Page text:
The stark images of the disaster highlighted the suffering of migrants who endure kidnapping, extortion and heartbreak as they try to reach the United States. “Those who blame the victims of the fire obscure the fact these deaths are an indictment of the policies and structures implemented at large by both governments,” the nonprofit Hope Border Institute noted in a statement.

By midmorning Tuesday, a small shrine of flowers and white candles had been created along a wall of the cream-colored facility. Nearly three dozen migrants, mostly from Venezuela, protested outside a perimeter fence about the lack of information about their relatives and friends. “Justicia!” they yelled.

Stefania Arango, 25, of Maracaibo, Venezuela, said she had arrived in the city two weeks ago with her 32-year-old brother, Stefan. He was detained Monday during a sweep by immigration authorities of downtown areas where migrants had been begging, selling candy and washing windshields. Arango said Mexican authorities confirmed several hours later that he was being held in the immigration facility.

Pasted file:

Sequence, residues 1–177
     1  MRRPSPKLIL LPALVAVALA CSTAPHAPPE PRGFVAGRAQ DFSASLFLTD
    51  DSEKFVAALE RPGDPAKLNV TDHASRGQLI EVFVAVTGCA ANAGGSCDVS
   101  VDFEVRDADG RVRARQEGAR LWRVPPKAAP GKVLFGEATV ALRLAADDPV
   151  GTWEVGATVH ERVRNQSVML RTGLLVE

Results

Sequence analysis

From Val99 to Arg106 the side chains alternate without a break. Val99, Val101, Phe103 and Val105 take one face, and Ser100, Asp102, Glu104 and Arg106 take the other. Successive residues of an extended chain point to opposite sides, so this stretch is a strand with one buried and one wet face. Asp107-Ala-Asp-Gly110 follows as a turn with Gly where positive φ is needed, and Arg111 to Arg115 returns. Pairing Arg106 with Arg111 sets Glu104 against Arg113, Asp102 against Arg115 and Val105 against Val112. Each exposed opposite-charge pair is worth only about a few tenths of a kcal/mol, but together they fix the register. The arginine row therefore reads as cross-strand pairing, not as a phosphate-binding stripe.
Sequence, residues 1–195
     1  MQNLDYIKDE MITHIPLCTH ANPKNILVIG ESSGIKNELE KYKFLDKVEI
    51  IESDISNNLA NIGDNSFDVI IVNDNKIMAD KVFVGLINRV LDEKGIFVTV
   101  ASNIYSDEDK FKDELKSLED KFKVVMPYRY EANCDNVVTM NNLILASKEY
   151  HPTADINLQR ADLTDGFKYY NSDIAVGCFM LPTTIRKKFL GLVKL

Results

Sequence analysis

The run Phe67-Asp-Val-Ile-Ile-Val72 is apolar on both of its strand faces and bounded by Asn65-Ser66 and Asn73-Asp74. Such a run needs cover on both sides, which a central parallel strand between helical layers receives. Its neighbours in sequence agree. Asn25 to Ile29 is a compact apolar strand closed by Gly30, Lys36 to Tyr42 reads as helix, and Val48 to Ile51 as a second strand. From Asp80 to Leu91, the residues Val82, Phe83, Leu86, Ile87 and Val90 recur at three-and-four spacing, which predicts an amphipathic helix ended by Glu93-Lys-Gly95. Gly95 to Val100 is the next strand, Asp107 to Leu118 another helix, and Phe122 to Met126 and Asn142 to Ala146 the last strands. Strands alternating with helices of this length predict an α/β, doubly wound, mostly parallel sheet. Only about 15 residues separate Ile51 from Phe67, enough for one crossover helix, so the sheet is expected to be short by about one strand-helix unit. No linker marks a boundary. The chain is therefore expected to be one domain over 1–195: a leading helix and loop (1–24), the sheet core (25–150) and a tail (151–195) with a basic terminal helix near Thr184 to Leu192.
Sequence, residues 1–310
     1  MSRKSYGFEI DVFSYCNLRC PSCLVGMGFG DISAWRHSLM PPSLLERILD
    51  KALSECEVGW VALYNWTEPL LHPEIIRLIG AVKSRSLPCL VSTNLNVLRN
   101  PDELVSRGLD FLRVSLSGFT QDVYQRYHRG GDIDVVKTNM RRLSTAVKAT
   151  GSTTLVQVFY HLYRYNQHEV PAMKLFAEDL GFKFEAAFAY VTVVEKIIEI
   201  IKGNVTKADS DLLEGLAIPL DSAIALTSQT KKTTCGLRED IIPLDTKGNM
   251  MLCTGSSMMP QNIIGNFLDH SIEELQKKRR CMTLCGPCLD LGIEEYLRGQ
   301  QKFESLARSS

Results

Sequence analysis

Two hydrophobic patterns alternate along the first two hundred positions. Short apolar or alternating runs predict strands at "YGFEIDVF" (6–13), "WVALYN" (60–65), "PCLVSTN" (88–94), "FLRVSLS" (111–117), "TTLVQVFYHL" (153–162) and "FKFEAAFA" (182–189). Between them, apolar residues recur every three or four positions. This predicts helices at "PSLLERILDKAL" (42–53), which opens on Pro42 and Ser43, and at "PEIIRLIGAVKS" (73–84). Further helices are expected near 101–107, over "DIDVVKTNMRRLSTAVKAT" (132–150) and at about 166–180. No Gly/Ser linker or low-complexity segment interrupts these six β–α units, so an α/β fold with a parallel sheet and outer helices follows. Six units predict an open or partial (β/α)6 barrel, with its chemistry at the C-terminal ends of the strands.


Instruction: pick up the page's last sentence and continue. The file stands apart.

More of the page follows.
Yet she knew nothing Tuesday about his fate. “I have my heart broken into two pieces,” she said. “I’m afraid that he’s dead.”

Another Venezuelan migrant, Katiusca Márquez, 23, was also seeking news about a brother. Both had been detained Monday afternoon, though authorities let her go because she had her young son with her. Her sibling, José Orlando, 30, was not so lucky.

“We crossed the jungle in several countries and we’ve survived everything,” she said. “And nothing has happened up until today.”

An investigation into the cause of the blaze is underway. The migration institute said it “energetically rejects the acts that led to this tragedy,” without providing details.